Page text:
Books are found in the bookstore and submissions are not accepted.

Jeff Lipsky Interview

- - Photographers
Jon Hamm

Jon Hamm

Miles Teller, Michael B. Jordan, Zac Efron

Miles Teller, Michael B. Jordan, Zac Efron

Kelly Slater

Kelly Slater

Kerry Washington

Kerry Washington

Zoe Saldana

Zoe Saldana

Ellen Page

Ellen Page

Jonathan Blaustein: I was ready to begin this interview the way I typically do, by asking some questions about how you came to photography. But in my last bit of research, I noticed that you had actually done an interview like that for APE in the summer of 2012.

Jeff Lipsky: Yes, I taught at Chris Orwig’s class at Brooks, and he did a little piece on me which was really nice.

JB: But I didn’t know that until six minutes ago.

JL: Oh.

JB: That means I’m up shit’s creek, because I can’t ask those questions, since you already answered them.

JL: (Massive pause.) Well…

JB: I don’t know what to do. I can’t ask you how you got into photography if we already published that.

JL: (Another massive pause.) That is interesting.

JB: We’re screwed, man. (laughing.) Listen, this is my thing. I’m just joking around. I’m not serious at all.

JL: (laughing.)

JB: Right. Now you’re with me. I was just messing around. The point was simply that we appreciate that you’re doing another interview, but we’ll have to take this one in a different direction. Otherwise, I become the laziest journalist in the history of mankind.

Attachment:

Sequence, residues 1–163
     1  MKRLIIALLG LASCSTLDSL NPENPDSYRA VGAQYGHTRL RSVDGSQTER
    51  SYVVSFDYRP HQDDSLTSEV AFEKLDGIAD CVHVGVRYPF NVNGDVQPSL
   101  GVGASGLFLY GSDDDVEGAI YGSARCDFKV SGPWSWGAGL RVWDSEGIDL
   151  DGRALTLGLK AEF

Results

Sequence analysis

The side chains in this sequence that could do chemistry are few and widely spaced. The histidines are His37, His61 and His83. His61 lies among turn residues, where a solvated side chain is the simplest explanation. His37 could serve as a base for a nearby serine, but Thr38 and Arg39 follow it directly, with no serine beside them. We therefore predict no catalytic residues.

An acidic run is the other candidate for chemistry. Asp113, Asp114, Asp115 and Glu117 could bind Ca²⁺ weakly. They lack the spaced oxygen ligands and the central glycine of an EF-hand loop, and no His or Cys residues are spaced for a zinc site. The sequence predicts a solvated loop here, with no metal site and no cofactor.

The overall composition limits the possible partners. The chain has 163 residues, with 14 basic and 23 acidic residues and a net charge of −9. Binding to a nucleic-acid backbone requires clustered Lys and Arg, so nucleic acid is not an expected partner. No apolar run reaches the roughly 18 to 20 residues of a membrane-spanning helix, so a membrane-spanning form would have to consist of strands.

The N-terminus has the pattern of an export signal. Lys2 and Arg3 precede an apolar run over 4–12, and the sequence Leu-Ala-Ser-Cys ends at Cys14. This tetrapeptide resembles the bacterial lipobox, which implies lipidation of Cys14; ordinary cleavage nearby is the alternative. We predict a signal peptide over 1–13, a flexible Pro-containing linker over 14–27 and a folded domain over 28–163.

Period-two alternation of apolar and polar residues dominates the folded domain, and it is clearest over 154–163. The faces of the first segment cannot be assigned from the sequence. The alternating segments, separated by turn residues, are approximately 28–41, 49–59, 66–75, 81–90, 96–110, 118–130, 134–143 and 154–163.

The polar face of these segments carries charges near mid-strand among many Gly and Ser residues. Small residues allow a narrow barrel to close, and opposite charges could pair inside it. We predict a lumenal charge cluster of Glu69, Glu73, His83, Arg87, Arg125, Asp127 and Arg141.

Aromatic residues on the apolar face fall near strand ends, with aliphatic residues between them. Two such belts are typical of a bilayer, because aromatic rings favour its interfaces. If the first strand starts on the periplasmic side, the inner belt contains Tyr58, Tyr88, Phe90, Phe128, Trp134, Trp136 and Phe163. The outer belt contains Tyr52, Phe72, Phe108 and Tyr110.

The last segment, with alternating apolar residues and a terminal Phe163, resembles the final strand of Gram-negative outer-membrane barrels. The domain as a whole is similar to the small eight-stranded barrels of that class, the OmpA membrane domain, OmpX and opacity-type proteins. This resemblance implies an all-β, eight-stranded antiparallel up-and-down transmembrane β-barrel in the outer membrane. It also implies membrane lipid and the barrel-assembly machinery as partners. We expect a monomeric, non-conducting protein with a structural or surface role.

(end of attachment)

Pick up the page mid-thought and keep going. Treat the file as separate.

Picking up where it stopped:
JL: Right. And my saying is, anyone can take a great picture or write something great under perfect circumstances. But when you’re thrown a curve ball at the last minute, like every photo shoot you do, it’s what you make out of it that counts.

JB: You, and the entirety of our audience will now be judging me harshly to see how I do. Can I hit the curveball? Because we now know the Denver Broncos’ center can’t hit the curve.

JL: Obviously.

JB: Obviously.

JL: I was on an airplane during the Superbowl, so I missed the entire game. I guess that was just as good.

JB: You know what you’re supposed to do next time then, right?

JL: Yes.

JB: Fly Jet Blue.

JL: Fly Jet Blue. That’s right.

JB: It would have solved your problem. Taking a look at your previous APE interview, as well as your website, it says that you were a, I don’t want to say ski bum, let’s say you were lifestyle skier in Telluride, Colorado for ten years. Is that right?